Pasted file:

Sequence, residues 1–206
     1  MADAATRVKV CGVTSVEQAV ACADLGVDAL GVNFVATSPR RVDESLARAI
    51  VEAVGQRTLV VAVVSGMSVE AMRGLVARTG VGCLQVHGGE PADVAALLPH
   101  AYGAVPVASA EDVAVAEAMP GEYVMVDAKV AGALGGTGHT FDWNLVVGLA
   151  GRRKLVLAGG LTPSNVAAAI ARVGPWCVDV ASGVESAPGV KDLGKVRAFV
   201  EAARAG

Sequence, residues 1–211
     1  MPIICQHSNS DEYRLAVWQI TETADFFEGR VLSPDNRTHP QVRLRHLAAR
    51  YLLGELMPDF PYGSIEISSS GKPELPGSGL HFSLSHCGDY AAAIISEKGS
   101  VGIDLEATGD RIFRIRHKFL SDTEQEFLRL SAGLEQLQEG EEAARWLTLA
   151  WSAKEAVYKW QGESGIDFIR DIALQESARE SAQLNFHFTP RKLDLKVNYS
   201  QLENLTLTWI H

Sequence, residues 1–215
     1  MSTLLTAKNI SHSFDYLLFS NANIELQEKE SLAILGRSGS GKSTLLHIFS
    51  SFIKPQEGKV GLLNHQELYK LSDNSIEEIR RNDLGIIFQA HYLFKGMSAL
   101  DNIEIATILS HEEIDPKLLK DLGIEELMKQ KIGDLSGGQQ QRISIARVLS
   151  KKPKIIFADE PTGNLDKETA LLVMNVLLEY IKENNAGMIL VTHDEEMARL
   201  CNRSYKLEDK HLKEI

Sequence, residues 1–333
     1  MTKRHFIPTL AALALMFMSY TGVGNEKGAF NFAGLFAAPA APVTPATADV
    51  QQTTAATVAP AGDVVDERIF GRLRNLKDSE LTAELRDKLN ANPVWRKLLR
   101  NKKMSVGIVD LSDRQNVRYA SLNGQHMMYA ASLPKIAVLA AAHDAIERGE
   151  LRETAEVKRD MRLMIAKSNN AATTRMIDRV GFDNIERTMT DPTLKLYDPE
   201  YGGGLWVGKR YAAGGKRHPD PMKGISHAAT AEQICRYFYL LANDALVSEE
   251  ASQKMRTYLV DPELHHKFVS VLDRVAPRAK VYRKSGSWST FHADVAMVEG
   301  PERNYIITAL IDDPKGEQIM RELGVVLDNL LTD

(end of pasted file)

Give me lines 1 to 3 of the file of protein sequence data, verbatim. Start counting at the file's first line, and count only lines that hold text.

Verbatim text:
Sequence, residues 1–206
     1  MADAATRVKV CGVTSVEQAV ACADLGVDAL GVNFVATSPR RVDESLARAI
    51  VEAVGQRTLV VAVVSGMSVE AMRGLVARTG VGCLQVHGGE PADVAALLPH